Do you need LinkedIn?

If this is what you keep asking yourself I understand where you’re coming from. Just how many social media platforms do we have to have a presence on, or be active on? I’ve got a LinkedIn account, I’m on Facebook and Twitter and have set up the Instagram account and now there’s Snapchat. Do I have to do that too? Answers (by way of comment at the end of the blog) most welcome!

Back to you.

What’s the point of LinkedIn?

professional networking300It’s a professional networking tool allowing you to market your own profile, see what’s going on with employers which interest you, perhaps engage in discussion relevant to your possible future career choices and build your address book. It allows you to keep in contact with people you’ve met in a professional capacity and who knows when that might be useful?

So a bit like Facebook?

Woman relaxed using phone with iconsNot really. This isn’t the place for the raunchy or drunken photographs, the sweet photos of dogs or kittens or the discussion on where you’re going to meet up tonight. You’ll want a professional photograph that you’d be happy for any boss to see and a profile pitch that succinctly describes who you are and what you’re looking for. Try to manage something better than “University student looking for a graduate job”, the profile is used to match you up with potential jobs. “Law graduate now looking for a paralegal post in the West Midlands area” has proved a successful opener on several occasions and has led to job interviews and employment.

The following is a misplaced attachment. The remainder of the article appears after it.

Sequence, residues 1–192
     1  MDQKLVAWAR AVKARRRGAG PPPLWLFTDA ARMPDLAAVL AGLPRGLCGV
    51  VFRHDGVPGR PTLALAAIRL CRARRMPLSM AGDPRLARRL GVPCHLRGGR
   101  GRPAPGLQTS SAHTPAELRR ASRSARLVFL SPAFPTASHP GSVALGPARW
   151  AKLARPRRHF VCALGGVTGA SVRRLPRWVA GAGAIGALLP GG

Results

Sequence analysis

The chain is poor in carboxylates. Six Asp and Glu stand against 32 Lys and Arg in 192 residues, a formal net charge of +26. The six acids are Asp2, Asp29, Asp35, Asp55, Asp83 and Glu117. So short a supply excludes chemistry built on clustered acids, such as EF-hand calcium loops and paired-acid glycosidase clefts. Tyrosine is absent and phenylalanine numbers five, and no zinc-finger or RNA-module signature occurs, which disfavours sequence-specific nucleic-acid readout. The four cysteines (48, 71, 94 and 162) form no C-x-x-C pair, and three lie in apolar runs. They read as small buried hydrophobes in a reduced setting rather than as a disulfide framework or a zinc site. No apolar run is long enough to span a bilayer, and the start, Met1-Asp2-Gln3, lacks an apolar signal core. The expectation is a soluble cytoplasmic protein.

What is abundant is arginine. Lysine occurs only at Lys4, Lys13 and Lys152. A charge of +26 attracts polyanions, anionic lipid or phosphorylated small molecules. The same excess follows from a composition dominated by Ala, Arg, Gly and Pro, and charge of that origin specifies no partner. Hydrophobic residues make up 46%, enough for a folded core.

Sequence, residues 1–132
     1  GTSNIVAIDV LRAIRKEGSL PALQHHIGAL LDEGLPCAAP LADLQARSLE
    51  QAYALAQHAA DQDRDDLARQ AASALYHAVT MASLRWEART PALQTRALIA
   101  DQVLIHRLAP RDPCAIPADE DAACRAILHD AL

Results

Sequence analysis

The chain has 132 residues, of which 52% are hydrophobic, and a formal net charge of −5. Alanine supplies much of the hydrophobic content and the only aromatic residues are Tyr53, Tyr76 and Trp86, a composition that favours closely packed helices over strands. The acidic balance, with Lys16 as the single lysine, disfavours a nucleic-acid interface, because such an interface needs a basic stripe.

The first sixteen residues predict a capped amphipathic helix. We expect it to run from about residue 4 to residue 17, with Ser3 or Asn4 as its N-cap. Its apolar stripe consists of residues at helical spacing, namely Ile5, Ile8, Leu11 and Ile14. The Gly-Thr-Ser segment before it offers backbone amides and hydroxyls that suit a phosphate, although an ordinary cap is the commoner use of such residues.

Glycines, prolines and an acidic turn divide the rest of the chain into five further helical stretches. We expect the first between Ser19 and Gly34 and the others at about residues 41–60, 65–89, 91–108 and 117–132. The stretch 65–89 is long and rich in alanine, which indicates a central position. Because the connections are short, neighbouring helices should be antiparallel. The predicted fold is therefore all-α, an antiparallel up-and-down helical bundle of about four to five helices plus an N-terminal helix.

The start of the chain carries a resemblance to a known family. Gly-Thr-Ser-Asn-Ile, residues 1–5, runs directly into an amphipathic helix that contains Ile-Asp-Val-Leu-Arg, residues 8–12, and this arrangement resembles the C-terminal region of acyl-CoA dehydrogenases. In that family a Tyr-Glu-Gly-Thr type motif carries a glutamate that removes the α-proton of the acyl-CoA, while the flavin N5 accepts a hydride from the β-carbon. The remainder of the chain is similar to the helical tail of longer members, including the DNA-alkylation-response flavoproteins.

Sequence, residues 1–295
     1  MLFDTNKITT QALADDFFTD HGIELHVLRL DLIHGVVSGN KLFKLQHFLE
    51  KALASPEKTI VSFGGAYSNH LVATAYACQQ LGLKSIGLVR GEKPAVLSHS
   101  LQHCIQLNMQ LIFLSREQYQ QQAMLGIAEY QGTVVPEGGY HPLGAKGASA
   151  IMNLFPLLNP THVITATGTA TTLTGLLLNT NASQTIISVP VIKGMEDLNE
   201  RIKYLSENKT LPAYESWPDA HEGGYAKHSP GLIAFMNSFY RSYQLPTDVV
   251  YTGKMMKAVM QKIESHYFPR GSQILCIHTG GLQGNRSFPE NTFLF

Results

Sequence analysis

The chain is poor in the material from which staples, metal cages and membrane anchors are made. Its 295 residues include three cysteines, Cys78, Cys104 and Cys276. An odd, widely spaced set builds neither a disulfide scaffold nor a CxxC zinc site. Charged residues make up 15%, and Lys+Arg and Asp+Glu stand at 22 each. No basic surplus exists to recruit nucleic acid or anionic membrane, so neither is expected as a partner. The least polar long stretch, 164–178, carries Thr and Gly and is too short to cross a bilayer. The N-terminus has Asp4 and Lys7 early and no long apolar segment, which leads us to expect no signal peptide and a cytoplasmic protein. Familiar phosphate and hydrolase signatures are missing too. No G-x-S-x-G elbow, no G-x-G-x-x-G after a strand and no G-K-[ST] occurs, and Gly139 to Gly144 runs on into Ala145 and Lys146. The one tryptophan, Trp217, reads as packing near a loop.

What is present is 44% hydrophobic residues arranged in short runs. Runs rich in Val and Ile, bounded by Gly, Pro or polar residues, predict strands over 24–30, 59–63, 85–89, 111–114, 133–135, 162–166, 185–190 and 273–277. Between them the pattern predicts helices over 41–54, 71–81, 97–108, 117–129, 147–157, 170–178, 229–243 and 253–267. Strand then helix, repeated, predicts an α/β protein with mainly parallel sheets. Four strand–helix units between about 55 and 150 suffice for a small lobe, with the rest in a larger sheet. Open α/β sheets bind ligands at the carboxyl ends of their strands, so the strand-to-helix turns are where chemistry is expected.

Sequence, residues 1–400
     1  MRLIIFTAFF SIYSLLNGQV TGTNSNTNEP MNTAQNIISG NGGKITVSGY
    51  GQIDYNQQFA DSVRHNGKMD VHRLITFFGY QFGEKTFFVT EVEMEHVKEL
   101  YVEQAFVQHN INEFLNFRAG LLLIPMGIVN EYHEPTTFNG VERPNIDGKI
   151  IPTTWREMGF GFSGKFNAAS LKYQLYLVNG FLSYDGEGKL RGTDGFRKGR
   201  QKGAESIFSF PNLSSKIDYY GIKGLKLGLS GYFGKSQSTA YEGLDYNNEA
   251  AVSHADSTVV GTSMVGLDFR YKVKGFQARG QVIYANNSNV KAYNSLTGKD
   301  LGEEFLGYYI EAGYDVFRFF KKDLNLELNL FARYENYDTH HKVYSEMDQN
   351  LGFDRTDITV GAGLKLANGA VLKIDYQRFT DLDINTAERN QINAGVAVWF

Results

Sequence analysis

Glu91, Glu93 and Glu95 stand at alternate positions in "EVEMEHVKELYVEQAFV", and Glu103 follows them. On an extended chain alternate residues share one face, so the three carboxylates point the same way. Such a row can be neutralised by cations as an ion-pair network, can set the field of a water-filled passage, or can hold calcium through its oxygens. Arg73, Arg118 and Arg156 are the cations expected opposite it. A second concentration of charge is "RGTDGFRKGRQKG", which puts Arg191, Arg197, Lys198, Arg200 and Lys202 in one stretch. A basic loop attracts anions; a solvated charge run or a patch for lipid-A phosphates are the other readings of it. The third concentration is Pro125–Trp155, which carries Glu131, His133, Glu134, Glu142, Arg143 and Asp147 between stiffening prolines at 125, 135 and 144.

Once you have the account you’ll want to build your connections. You might want to get on with this fairly quickly, under 50 connections looks a bit like you’re “Billy no mates” and is unlikely to attract employers! Try to avoid the Facebook approach of “click here to invite as friend”. Show your professionalism by sending a personalised invitation request to anyone you would like to have in your network. Get in the habit of doing this whenever you are wanting to connect and you’re likely to find a much higher hit rate with acceptances. Sometime a really short message will suffice, but if you’ve only met someone once, or it was a long time ago, or the person is a lot older or more senior than you in employment terms a few more words, couched in very polite terms might be appropriate.

group of internet surfers300Once you’ve started to build your network it’s time to think about groups. You might start with your University and if you’re a Warwick law student we’d love you to join the Warwick law Alumni group so that we can hear about your exciting future career steps. We might just be asking you back too! Join groups that relate to your interests, you’ll be able to follow discussions and you might want to think about making comments. It’s a great way to start to develop a profile in the area which interests you.

Make sure that you use LinkedIn as a tool when you prepare for interviews. You will often be told who will be interviewing you, if not you can always try asking! Look up your interviewers, you might well find they’ve looked you up too. Don’t worry that they will be able to see that you have been looking at their profile, this isn’t a form of sleazy stalking it’s about being professional and preparing properly for every interview opportunity. You may even find that you have something in common and it might allow you to steer the interview conversation away from a scary topic onto something you would like to talk about.

I think you need to commit to getting that LinkedIn account set up. Perhaps it could be an Easter vacation task!


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